Worse yet, when we finally do place membership and get connected, we’re connected to exactly that one congregation. We have no vision of God’s Kingdom as anything but the church we shopped for and committed to.

We give no thought to unity beyond congregational boundaries — indeed, we see the other churches in town as competitors (because, you know, we’re shoppers).

Our leaders are the same. We are far more afraid of losing members to a sister congregation than being viewed by the world as divided and competing. We’d rather embarrass the image of God to the world than lose a contributing member!

Jesus would have none of that. His apostles built a mega-church — a congregations of tens of thousands — in Jerusalem, all under one leadership structure, meeting in whatever locations were available — houses, the Temple courts, whatever would work. The issue was never: Is the building big enough so we don’t have to divide? They crossed that boundary on day one.

Rather, they did not let budgets and architecture separate themselves from each other. After all, they were helping to birth the Kingdom — a nation with its capitol in heaven, ruled by Jesus on a throne. It’s just one Kingdom. One King. One faith. Why divide? Why compete?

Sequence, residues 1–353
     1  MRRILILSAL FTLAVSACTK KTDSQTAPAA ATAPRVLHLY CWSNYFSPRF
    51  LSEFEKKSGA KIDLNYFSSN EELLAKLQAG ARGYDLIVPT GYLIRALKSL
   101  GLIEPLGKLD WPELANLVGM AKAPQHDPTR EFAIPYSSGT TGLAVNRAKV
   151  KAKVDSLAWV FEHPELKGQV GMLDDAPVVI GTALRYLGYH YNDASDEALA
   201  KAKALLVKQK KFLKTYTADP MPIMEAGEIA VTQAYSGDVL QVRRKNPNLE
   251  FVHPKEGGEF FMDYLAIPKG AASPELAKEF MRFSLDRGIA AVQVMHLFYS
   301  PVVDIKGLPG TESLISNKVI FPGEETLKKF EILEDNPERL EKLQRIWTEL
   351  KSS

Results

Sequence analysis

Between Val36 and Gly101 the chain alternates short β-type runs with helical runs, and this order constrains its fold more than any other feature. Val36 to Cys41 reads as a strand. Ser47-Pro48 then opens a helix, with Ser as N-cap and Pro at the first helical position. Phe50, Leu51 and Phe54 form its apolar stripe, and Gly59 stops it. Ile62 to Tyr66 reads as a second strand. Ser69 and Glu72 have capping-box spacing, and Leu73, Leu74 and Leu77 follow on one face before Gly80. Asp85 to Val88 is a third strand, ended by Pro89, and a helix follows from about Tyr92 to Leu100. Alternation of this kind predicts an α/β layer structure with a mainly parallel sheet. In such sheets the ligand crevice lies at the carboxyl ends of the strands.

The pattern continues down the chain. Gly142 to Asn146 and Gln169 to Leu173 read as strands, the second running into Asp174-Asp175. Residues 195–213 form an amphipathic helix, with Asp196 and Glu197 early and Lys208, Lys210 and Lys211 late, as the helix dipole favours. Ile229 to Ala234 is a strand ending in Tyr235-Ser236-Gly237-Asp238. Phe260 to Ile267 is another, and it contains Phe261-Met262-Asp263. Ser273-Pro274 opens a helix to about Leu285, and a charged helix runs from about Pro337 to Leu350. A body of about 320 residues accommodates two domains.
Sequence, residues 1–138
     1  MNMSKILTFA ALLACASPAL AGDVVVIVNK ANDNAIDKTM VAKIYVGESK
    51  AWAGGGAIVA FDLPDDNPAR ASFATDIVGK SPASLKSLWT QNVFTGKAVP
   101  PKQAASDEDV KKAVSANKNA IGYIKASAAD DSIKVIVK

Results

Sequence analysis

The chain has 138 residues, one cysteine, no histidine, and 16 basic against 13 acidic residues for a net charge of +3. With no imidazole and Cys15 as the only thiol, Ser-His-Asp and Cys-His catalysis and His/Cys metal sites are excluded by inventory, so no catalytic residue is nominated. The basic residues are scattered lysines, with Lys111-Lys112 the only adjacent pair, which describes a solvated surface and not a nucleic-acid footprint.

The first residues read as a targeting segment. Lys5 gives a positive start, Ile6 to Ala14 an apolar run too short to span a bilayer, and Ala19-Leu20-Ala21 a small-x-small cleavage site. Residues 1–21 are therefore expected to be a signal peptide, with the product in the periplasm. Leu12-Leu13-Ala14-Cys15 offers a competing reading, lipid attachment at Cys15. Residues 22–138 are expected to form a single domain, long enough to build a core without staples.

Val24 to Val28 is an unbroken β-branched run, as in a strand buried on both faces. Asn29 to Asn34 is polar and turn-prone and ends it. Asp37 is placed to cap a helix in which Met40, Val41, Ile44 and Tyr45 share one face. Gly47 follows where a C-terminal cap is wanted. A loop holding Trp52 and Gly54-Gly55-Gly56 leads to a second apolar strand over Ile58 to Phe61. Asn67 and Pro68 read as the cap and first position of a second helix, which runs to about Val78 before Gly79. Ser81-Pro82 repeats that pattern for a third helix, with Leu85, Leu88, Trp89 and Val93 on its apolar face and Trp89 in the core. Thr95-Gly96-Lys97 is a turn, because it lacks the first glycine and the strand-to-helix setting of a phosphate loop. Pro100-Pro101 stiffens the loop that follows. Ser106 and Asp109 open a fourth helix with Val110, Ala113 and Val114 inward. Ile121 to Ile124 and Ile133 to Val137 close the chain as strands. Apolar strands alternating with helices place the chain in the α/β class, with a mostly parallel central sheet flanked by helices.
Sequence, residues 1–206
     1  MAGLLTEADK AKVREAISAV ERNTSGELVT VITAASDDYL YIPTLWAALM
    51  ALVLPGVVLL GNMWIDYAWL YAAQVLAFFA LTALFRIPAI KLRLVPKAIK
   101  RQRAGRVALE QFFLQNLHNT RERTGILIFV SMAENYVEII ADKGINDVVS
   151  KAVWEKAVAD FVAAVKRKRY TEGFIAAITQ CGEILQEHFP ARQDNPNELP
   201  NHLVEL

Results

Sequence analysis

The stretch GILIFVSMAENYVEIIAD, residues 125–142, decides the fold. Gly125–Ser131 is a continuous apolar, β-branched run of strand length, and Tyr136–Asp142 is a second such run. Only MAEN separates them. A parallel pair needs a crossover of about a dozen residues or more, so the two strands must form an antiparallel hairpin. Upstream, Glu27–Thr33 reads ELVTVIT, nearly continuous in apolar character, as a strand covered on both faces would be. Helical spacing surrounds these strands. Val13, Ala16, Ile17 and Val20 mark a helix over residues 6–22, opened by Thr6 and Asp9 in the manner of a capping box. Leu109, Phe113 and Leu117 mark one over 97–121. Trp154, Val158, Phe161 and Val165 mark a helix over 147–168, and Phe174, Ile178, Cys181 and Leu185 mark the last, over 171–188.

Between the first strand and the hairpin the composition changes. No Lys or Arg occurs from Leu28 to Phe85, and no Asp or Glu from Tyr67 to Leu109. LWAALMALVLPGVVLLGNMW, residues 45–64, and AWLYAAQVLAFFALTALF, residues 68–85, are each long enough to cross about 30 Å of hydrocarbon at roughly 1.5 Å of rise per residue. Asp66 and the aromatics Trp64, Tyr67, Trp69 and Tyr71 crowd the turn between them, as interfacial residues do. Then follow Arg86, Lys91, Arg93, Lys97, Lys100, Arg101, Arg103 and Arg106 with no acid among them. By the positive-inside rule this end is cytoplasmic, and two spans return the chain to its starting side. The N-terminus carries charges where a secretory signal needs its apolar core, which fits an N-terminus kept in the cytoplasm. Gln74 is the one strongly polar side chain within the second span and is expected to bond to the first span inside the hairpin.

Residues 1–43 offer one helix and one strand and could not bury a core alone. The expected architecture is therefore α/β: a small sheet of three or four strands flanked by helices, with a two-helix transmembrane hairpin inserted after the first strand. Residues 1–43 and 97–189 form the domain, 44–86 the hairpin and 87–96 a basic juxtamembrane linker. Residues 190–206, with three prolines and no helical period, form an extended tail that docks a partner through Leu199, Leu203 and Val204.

Or to put it in Jesus-terms: How can you love people you’re competing against? How can you love people you’re looking down on? How can you love people when you’re eaten up with jealousy at their huge buildings and budget? How can you love people and be divided?

(John 13:36-38 ESV)  36 Simon Peter said to him, “Lord, where are you going?” Jesus answered him, “Where I am going you cannot follow me now, but you will follow afterward.”  37 Peter said to him, “Lord, why can I not follow you now? I will lay down my life for you.”  38 Jesus answered, “Will you lay down your life for me? Truly, truly, I say to you, the rooster will not crow till you have denied me three times.

These are some of the saddest words recorded in the Bible. Peter is full of himself, confident in his willingness to even die for Jesus — and yet it’s just not true. And Jesus will soon forgive even that.

Notice how brutally honest the Bible is when it comes to our heroes of the faith! Abraham, David, Samson, Peter, Paul are all recorded warts and all. They are not remotely romanticized. Rather, the scriptures seem to scrupulously record the flaws of our heroes to demonstrate that even the deeply flawed can not only be forgiven but can be of great service to the Kingdom.

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About Jay F Guin

My name is Jay Guin, and I’m a retired elder. I wrote The Holy Spirit and Revolutionary Grace about 18 years ago. I’ve spoken at the Pepperdine, Lipscomb, ACU, Harding, and Tulsa lectureships and at ElderLink. My wife’s name is Denise, and I have four sons, Chris, Jonathan, Tyler, and Philip. I have two grandchildren. And I practice law.